Carlson will become the anchor of Fox News Channel’s 9 p.m. Eastern time slot after Kelly does her final edition of “The Kelly File” on Friday. Kelly is leaving to join NBC News.
The move means Fox is fortifying its block of politically right-leaning commentary programs in prime time, as Carlson will fill the hour between Sean Hannity and the network's top-rated anchor Bill O’Reilly.
Kelly’s program, while not completely without opinion, had been more news driven than the two shows surrounding her. She was the sole prime-time anchor who did critical reporting on President-elect Donald Trump, which often drew scornful criticism from many Fox News viewers on social media and in emails to the network.
Carlson, 47, is a personal favorite of 21st Century Fox Executive Chairman Rupert Murdoch, who has been running Fox News since longtime Chairman Roger Ailes departed in July after several women — including Kelly — accused him of sexual harassment. He denied the allegations.
Murdoch chose Carlson to replace longtime anchor Greta Van Susteren in the 7 p.m Eastern hour after she left the network over contract issues in September. Van Susteren has moved to MSNBC, where she will have a nightly show starting Jan. 9.
After the departure of Ailes, a former media advisor to Republican politicians, there was speculation in TV news industry circles that Fox News might not court conservative viewers as aggressively going forward.
But Trump’s stunning White House victory has given the network a ratings lift, especially at the 10 p.m. Eastern time slot, where Hannity is the newly elected president’s biggest booster. The addition of Carlson is aimed at building on that success, though it leaves Fox without a female anchor during the key weeknight prime-time hours.
Murdoch wanted to keep Kelly — offering her upward of $20 million a year to stay at Fox -- as she was a home grown on-air star who helped to make Fox the top-rated cable network in 2016.
But much of the positive press she generated was largely due to her willingness to challenge right-wing guests and orthodoxy. She became widely known beyond the Fox News audience after her tough questioning of Trump in the first Republican primary debate in August 2015. That earned her glamorous magazine cover shoots, but also some harsh backlash from Trump supporters.
By turning to Carlson as a replacement for Kelly, Fox News is creating a lineup that is seamless in its political appeal and less likely to alienate the network’s core audience. MSNBC has a similar formula with its prime-time lineup of liberal commentators Chris Hayes, Rachel Maddow and Lawrence O’Donnell.
Based on his ratings performance in the 7 p.m. Eastern hour that he took over in November, Carlson is seen as a surefire way to maintain or even increase the number of viewers who had been watching Kelly’s program.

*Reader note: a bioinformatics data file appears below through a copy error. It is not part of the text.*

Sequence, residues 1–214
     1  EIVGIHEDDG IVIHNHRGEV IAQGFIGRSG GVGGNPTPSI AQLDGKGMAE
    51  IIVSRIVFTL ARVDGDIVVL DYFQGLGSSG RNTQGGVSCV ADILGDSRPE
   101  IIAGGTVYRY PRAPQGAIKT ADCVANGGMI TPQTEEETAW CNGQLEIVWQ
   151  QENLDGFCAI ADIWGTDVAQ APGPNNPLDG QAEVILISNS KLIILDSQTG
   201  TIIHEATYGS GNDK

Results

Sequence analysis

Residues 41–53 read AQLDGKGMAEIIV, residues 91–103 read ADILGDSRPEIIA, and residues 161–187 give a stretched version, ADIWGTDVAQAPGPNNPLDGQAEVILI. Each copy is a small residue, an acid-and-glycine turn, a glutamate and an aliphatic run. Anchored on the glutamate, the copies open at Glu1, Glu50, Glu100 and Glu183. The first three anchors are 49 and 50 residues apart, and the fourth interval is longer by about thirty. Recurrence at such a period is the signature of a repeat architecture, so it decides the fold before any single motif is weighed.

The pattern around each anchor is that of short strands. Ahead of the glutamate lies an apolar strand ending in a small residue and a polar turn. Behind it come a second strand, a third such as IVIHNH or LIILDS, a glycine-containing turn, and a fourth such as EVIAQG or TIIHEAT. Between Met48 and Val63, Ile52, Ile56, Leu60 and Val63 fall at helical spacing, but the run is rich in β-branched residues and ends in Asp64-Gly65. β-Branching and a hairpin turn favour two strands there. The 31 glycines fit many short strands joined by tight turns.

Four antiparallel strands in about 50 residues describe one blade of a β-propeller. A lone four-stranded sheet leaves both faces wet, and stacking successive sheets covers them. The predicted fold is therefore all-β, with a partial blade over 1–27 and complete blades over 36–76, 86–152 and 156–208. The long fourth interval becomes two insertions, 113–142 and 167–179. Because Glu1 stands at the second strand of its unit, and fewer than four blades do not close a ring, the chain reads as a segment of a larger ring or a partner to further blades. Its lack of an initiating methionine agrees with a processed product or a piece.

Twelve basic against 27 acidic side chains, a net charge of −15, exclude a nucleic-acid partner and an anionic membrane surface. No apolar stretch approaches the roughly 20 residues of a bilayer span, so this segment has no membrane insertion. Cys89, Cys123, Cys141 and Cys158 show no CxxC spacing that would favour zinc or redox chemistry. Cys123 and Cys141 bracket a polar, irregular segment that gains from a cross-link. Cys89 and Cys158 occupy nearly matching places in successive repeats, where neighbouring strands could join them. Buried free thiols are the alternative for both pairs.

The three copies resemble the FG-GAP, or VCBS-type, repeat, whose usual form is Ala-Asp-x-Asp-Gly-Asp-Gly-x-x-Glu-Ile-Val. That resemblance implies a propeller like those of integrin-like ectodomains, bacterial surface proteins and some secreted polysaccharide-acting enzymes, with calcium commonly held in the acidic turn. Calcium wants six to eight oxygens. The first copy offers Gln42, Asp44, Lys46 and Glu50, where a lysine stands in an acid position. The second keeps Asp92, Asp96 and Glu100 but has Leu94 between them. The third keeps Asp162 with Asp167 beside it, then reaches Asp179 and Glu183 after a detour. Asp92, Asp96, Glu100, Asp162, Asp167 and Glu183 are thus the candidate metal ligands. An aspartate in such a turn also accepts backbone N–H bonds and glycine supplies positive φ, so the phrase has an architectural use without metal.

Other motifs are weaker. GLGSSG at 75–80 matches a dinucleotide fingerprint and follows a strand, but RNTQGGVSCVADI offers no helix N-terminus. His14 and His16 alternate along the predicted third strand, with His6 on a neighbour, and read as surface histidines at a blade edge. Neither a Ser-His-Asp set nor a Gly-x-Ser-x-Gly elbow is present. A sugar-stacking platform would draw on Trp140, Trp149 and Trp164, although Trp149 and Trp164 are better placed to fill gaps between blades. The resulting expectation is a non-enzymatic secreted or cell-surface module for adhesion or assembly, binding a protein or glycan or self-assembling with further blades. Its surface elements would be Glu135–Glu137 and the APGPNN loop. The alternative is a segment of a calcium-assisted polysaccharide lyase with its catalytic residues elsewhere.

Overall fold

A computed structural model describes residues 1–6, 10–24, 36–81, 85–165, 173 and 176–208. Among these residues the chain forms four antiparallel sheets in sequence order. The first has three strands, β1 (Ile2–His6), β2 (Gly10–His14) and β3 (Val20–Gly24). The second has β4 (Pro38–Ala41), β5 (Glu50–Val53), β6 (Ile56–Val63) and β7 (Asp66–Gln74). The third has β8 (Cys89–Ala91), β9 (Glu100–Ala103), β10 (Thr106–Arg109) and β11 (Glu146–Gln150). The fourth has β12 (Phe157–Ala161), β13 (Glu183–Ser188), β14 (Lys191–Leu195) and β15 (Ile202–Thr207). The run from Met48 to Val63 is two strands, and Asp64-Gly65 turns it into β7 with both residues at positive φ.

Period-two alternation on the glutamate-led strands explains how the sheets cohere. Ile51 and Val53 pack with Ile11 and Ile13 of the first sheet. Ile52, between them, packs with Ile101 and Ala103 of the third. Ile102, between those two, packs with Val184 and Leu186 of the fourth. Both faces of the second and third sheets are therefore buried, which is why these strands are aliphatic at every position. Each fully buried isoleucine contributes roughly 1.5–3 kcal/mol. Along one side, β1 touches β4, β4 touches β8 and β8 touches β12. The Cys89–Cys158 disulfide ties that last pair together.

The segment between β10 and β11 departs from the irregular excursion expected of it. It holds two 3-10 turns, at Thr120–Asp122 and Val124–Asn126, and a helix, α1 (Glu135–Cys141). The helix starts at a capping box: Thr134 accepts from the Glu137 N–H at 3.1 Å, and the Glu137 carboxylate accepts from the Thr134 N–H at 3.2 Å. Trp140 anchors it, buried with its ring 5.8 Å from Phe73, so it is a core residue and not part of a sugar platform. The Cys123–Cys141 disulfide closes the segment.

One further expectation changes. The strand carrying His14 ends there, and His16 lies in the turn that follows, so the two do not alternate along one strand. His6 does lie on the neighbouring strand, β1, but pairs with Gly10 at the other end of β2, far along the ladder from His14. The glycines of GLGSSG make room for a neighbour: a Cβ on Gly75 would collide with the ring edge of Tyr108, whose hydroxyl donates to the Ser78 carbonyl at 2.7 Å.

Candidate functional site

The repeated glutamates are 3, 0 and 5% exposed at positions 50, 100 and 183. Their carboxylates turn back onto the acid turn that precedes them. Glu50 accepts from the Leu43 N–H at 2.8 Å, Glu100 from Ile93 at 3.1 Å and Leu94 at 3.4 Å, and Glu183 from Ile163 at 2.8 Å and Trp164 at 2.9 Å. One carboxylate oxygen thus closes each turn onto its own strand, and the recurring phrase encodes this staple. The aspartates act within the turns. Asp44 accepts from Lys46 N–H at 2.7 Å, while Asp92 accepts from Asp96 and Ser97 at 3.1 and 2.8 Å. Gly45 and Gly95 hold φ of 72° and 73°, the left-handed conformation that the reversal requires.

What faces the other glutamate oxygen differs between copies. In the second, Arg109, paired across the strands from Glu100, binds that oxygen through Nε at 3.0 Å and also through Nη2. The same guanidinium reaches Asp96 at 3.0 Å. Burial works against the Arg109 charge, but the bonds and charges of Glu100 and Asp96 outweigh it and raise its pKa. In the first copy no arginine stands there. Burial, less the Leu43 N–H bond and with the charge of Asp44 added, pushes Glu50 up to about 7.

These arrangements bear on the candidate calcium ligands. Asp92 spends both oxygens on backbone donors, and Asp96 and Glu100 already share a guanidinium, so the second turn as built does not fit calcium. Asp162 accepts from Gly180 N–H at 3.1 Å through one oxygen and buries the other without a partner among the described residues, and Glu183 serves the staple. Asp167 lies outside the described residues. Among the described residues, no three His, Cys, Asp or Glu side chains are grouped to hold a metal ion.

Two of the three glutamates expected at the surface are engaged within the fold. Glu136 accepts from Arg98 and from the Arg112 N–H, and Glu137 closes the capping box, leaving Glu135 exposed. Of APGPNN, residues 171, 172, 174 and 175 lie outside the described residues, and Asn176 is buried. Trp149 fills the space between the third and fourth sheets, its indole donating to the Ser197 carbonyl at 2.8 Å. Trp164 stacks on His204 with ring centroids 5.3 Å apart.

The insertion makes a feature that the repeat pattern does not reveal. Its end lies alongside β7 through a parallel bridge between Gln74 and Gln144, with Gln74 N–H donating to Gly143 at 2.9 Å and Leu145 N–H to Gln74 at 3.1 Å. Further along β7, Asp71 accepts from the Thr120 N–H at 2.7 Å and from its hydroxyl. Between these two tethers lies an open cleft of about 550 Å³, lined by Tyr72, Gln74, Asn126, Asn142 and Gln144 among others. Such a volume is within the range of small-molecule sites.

“In less than two months, Tucker has taken cable by storm with his spirited interviews and consistently strong performance,” Murdoch said in a statement. “Viewers have overwhelmingly responded to the show and we look forward to him being a part of Fox News’ powerful prime-time lineup.”
In December, Carlson averaged 2.87 million viewers in the hour, making him the second-most-watched personality on Fox News after O’Reilly. He improved the ratings in the hour by 23%.
But Carlson will face stiffer competition at 9 p.m Eastern time slot where Kelly was the second-most-popular host on Fox News, averaging 2.7 million viewers in 2016. The key will be his ability to hold the strong lead-in he gets from “The O’Reilly Factor.”
A provocative commentator, Carlson has gained attention with some of his confrontations with liberal guests on his program. His recent throw-down with a Teen Vogue writer over her tweet about Ivanka Trump after the president-elect’s daughter was confronted by hecklers on a commercial flight. The exchange was heavily circulated online after it aired.
Carlson is a veteran of cable news, having previously held hosting jobs on CNN and MSNBC. He founded the conservative site the Daily Caller and was co-host of the CNN debate program “Crossfire,” on which in 2004 comedian Jon Stewart famously said that the show was “hurting America,” a harsh critique that ultimately led to its demise.
Frank Sesno, a former CNN Washington bureau chief who first put Carlson on TV, said he hopes the commentator will bring Fox News the more thoughtful brand of conservative thought he is known for and not just be a cheerleader for Trump.
“He brings a very powerful and energetic combination of wit and charm and acerbic conservative zeal to his television,” said Sesno, now director of the School of Media and Public Affairs at George Washington University. “He’s very smart and very quick, but I hope he realizes he has an opportunity to navigate differently. He can still be a conservative who is committed and clever, but I hope not incendiary.”
Starting Jan. 19, Carlson’s 7 p.m. Eastern time slot will be filled by a news program with Martha MacCallum called “The First 100 Days” that will focus on the early months of the Trump presidency. There is no decision on what will air in the hour after the actual 100 days is up.
MacCallum, 52, who has been with Fox News since 2004, will also take Kelly’s spot in special event coverage. She will join anchor Bret Baier in covering Trump’s inauguration Jan. 20.
Carlson’s program will be based in Washington; “The First 100 Days” will come out of New York.
4:20 p.m.:This article was updated throughout with analysis of Tucker Carlson’s appointment and what it means for Fox News.
This article was originally published at 8:35 a.m.